My 14 month old just started crying when I leave the room or exit a door, in about the last month or so. This is a new phase for us, and I'm starting to feel guilt as well as a sense of entrapment (like I'm trapped in the room with him and can't even go to the bathroom).

But here's my problem: I am starting the transition to home day care (another woman's home) next week. (He will only be doing one morning a week for the next several weeks and then working his way to full days by the time I return to work in February).

Here is my question: I will be staying with him in the house for the first 1/2 hour or so so he can get acclimatized to the new environment, but when it's time for me to go, is it better to sneak out or make an obvious "Goodbye, Mommy's leaving now" exit?

I KNOW if he SEES me leave out the front door he will cry. But is it mean to sneak out?

asked 30 Oct '10, 15:13

DazedandConfused's gravatar image

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Answers to some of these questions might help

(30 Oct '10, 17:38) Tammy ♦♦

Our daughter seems to take a queue from our reactions, so if we say, "Goodbye, see you later!" and calmly walk away, she seems OK. If we make a big emotional deal out of it, she'll pick up on that and get emotional too.

Tammy said we always have to say goodbye, otherwise she might just look up and panic that you're gone all of a sudden. We don't want an anxious kid to think their parents can just disappear if they're not watching them all the time. Made sense to me, and even though our daughter seems like an anxious kid in social situations, we've rarely ever had a problem when someone leaves.


answered 30 Oct '10, 15:58

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Scott ♦♦
accept rate: 10%


+1 for the link between sneaking out and making them anxious, that is exactly how I think.

(31 Oct '10, 14:58) Meg Stephenson

Totally agree, anxiety can only be worsened with 'disappearing parents'.

(01 Nov '10, 05:47) Benjol

I have often read that you should work on smaller "practice" separations -- like leaving the room for 5 minutes while he's with a grandparent or another parent. Say something like "I'm going to the other room, I'll be right back, OK?" casually. Leave right away, and come back in a few minutes.

FWIW, my 17 month old went through a tough time when he would cry whenever dad dropped him off at daycare -- or even whenever dad left the room (for some reason he didn't mind much when I left, boo hoo), but he was fine in 5 minutes. Now he doesn't cry at all anymore. This is a rough phase but it passes.


answered 01 Nov '10, 14:00

Anne's gravatar image

accept rate: 17%

With my son, he is still, at 2, very clingy to me, though he has for the most part outgrown the separation anxiety. But still, when I drop him off at Sunday School I play it by ear and make my exit appropriate to his mood that day. On the days when he is excited to go, I tell him goodbye and let him see me leave. But if he is being especially clingy, I hang around until he is settled in with a puzzle or something and then head out quietly - I don't exactly sneak out, but I also don't draw attention to myself as I go.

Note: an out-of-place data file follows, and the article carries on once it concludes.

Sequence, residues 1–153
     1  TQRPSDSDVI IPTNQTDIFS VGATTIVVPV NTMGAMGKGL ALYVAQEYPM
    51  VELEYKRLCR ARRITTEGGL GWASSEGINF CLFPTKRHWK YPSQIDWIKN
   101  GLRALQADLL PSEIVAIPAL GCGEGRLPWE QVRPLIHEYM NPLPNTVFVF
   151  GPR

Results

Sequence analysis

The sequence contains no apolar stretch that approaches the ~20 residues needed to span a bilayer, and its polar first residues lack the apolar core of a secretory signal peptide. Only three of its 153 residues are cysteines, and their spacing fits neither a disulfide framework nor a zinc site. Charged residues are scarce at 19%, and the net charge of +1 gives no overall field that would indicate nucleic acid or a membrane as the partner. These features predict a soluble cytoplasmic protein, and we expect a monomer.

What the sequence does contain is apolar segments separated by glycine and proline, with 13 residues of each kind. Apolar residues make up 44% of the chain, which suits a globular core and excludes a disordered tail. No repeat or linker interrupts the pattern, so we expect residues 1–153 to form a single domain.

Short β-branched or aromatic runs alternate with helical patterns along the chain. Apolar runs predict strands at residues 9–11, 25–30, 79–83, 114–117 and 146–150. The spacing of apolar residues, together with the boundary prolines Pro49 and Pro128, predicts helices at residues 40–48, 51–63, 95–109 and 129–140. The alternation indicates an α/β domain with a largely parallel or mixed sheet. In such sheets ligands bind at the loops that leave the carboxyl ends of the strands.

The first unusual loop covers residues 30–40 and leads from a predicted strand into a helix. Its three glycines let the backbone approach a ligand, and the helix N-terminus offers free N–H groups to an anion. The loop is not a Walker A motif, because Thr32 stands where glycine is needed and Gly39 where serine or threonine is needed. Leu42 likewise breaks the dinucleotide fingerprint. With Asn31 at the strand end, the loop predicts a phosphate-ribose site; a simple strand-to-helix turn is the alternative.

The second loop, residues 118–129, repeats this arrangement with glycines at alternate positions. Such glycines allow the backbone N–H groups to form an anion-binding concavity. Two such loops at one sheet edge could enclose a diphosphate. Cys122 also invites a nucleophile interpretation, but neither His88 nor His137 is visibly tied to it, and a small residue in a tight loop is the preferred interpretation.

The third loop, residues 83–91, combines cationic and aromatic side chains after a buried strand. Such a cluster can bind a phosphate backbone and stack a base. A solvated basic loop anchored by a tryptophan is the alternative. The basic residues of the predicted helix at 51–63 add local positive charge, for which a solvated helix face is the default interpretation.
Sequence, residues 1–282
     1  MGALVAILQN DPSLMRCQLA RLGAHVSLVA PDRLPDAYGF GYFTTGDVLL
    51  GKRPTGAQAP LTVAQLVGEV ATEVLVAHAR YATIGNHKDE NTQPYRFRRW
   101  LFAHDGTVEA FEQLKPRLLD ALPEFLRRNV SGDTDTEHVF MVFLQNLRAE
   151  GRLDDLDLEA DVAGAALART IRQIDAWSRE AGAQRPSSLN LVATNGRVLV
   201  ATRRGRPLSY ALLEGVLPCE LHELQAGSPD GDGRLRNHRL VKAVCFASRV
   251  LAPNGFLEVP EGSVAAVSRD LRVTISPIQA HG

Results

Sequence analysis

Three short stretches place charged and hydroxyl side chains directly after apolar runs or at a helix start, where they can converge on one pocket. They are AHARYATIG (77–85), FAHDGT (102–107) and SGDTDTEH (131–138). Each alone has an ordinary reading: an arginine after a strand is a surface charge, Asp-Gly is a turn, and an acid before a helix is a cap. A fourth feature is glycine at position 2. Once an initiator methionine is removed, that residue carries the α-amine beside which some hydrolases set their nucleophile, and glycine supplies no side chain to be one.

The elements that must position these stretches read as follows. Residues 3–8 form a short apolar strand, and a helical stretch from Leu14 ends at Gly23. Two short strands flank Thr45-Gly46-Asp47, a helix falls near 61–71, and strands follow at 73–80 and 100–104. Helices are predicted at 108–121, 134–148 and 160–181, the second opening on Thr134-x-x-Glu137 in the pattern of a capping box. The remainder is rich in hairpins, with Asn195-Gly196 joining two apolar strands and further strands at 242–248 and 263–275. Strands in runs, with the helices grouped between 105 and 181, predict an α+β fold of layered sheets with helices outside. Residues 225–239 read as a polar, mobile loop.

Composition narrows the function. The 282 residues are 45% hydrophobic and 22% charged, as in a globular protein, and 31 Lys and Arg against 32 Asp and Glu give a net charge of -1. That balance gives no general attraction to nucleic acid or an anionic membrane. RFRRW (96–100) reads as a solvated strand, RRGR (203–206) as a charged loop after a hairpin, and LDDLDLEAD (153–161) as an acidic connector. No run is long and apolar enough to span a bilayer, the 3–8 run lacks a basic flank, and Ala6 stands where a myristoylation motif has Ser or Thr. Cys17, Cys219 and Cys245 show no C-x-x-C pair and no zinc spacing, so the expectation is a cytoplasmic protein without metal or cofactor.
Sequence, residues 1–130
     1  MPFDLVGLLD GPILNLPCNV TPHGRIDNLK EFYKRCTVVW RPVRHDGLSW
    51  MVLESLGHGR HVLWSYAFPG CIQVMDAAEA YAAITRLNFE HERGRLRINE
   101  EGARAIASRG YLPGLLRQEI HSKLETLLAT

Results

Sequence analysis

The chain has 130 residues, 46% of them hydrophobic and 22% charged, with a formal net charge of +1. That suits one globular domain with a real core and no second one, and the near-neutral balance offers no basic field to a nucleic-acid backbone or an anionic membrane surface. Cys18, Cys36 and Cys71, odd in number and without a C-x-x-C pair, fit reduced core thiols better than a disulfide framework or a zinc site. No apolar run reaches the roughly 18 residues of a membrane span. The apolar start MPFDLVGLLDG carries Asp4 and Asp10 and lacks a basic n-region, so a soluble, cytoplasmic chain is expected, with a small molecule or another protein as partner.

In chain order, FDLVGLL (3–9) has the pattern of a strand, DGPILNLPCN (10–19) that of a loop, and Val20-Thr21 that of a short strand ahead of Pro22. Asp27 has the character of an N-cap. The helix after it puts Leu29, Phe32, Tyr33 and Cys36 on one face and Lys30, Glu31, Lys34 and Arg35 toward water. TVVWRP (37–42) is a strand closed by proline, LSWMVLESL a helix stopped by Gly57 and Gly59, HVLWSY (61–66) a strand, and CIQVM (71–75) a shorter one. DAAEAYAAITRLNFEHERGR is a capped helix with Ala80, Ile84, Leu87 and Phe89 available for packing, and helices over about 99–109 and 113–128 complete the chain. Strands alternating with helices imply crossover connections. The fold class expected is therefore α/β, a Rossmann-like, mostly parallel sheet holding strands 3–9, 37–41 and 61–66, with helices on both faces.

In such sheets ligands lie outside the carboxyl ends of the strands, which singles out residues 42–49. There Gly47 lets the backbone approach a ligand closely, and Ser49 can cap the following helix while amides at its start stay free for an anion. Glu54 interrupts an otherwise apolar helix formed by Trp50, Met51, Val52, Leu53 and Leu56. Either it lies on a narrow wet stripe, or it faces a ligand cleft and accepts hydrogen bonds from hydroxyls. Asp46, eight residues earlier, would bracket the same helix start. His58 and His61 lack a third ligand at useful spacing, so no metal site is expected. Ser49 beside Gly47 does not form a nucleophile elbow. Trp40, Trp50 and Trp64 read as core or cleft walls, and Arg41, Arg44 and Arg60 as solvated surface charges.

answered 30 Oct '10, 17:06

mkcoehoorn's gravatar image

accept rate: 8%

I have a similar experience with my 19-month son. For daycare or babysitting, I tell him good bye and that I will be back. Care providers report that he calms down fairly quickly (if he even cares). However, the same is not true for Sabbath School/church when I have to find someone to watch him while I help with service preparations. In that case, everyone reports he's happier much quicker if I sneak away. Otherwise, he can cry the entire time I'm gone (1 to 1 1/2 hrs).

(01 Nov '10, 20:11) Kiesa ♦

My oldest friend used to run a home day care and always completely forbid her "parents" from sneaking out. Well, she begged and pleaded that they please, please not do it. It really makes the problem a lot worse. Seperation anxiety is about being afraid that your big people will just disappear, disappearing on them really reinforces it.

She asked parents to please just say, "Bye, I'm going to work now, (or to do my errands, or whatever), and I'll be back in time to pick you up to go home for supper (or lunch, but something they would do together after pick up time)! Big kiss, hug, "I love you more than ..." and leave. She swears she could always distract the little ones and they were done crying before their Mom's or Dad's had pulled onto the street out of her drive. She wasn't too sure if some of the Mom's were done crying by then.

She had her kids after she closed her daycare and says it's way, way, way harder to be the parent leaving in this situation (and in my experience, she's exactly right about that!).

It's hard to say goodbye when you know they're going to be upset, I've been there too, and it's just one of those times when having to be the grown-up breaks your heart.


answered 31 Oct '10, 20:07

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accept rate: 30%

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Asked: 30 Oct '10, 15:13

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Last updated: 02 Nov '10, 11:12